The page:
8 Things We Learned From Tyler, the Creator's Wide-Ranging ‘All Star Series’ Interview
Tyler, the Creator gave fans a lot to ponder when it comes to NFTs, creativity, inspiration, and much more thanks to a lengthy new interview.
Tyler, the Creator—complete with some hilariously spot-on observations about NFTs—gifted fans with footage of a wide-ranging 70-minute conversation on Wednesday.
The discussion, hosted by Bimma Williams as part of Converse’s 2022 All Star Series, was recorded in February and sees Tyler being joined by L.A.-based members of the brand’s global All Stars community. During the interview, Tyler—who recently kicked off a U.S. tour behind his Call Me If You Get Lost album—touched on everything from the aforementioned NFT space to the importance of artists having a strong team around them to ensure their vision is met.
Below, we’ve highlighted some key moments from the chat, which you can also view in full up top.
Time stamps: 7:57, 8:41, 28:07
As Tyler recalled, his friend (and recent Jackass Forever cast member) Jasper has been with him since the very beginning. “Jasper has been at every show I’ve ever done, even when I’m 16, making the worst songs and beats and like, ‘Yo, I got this idea dude. And we can put this on a shirt and then when I go onstage—because we’re performing at a church—I’mma pull my pants down and hump the air.’ And that man is right there like, ‘Alright, I’m right there with you.’ And what that is, is everyone wants a cheerleader.”
Continuing around the 8:41 mark, Tyler imagined a hypothetical scenario of walking into Converse’s offices with an idea about a release “no one’s gonna buy,” only to still receive support from the team. “You need that,” he said. “You need cheerleading. Everyone wants a cheerleader.” The cheerleading insight also returned deeper into the discussion when Tyler was making a point about the career of acclaimed music video director Hype Williams, but we’ll get into that shortly.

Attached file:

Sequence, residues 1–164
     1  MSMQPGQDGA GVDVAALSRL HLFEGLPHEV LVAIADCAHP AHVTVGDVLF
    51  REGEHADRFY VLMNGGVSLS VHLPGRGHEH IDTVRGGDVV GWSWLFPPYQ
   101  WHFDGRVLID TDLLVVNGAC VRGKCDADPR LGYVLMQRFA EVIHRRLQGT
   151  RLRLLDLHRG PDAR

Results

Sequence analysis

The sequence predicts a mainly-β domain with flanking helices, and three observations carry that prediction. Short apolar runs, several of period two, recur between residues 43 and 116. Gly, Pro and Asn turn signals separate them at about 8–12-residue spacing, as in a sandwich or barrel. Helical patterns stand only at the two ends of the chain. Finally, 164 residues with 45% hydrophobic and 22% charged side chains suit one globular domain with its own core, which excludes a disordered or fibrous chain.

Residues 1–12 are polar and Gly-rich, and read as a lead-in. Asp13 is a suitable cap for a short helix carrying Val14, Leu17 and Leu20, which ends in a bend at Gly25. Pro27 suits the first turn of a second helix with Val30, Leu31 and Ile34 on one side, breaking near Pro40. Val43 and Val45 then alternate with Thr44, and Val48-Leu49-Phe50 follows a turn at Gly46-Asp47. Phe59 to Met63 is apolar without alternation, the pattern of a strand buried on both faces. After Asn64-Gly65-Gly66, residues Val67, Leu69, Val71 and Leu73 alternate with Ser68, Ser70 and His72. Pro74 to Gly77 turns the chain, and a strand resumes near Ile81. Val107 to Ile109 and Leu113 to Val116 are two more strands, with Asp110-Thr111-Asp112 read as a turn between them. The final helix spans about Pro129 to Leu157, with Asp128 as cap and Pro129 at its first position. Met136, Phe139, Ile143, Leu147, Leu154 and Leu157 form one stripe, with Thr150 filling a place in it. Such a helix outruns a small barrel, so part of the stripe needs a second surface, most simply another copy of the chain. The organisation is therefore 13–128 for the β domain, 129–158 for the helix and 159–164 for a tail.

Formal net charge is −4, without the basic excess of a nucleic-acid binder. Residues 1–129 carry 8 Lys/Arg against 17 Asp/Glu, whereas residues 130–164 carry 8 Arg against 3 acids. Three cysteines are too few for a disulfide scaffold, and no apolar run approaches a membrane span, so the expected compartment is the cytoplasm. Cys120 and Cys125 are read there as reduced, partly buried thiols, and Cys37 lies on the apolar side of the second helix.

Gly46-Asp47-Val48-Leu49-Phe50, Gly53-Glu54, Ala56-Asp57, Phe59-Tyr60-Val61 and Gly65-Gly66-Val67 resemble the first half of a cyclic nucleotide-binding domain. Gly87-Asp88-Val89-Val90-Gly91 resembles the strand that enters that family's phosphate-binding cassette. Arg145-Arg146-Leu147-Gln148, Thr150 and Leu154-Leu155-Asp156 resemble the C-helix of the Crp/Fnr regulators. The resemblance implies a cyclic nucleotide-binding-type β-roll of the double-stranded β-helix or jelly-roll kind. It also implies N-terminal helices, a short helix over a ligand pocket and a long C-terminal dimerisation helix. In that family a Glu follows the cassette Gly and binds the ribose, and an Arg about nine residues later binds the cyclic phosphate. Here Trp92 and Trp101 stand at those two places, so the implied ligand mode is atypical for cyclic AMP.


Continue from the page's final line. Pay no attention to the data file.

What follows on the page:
Time stamps: 9:14
“I really think the internet ramped up in 2016,” said Tyler, who argued that this ramping-up also complicated the creative process for artists who favor the power of surprise. “Like, something happened. … And because of that, it’s no more privacy. Everyone wants to know something, everyone wants a leak, everyone wants to just know things. Nothing can be a surprise.”
Adding to that, Tyler connected these feelings to why he wasn’t getting specific about release plans.
“If I sit here and tell you what we have planned…then it’s no point in really working on how to really show you. The element of surprise is fun,” he said.
Time stamps: 10:06, 11:49
Furthering the discussion on the “element of surprise” and the importance of vision, Tyler expressed criticism over artists who choose to constantly tease works-in-progress on social media while also allowing the audience’s reactions to influence the fate of the final piece.
“You know what I hate? You know what is one of the, like, most obvious forms of insecurity to me? When artists put a snippet up of a song on the internet and wait to see how people react to it and let the crowdsourcing of opinion dictate if they’re gonna put that out,” Tyler said. “How do you not like your own song enough to put it out?. … Just put the shit out. Like, what?”
He then took the same stance in a broader sense, lumping in movies. “Just surprise me with a trailer, bro,” T advised.
Time stamps: 12:08, 13:34, 14:29, 15:44, 48:48
Around 12 minutes into the conversation, Tyler (hilariously) interrupted a question about NFTs, then proceeded to say “What the fuck is a NFT?” several times while contrasting the oft-criticized space with varying enjoyable activities he’s experienced in real life.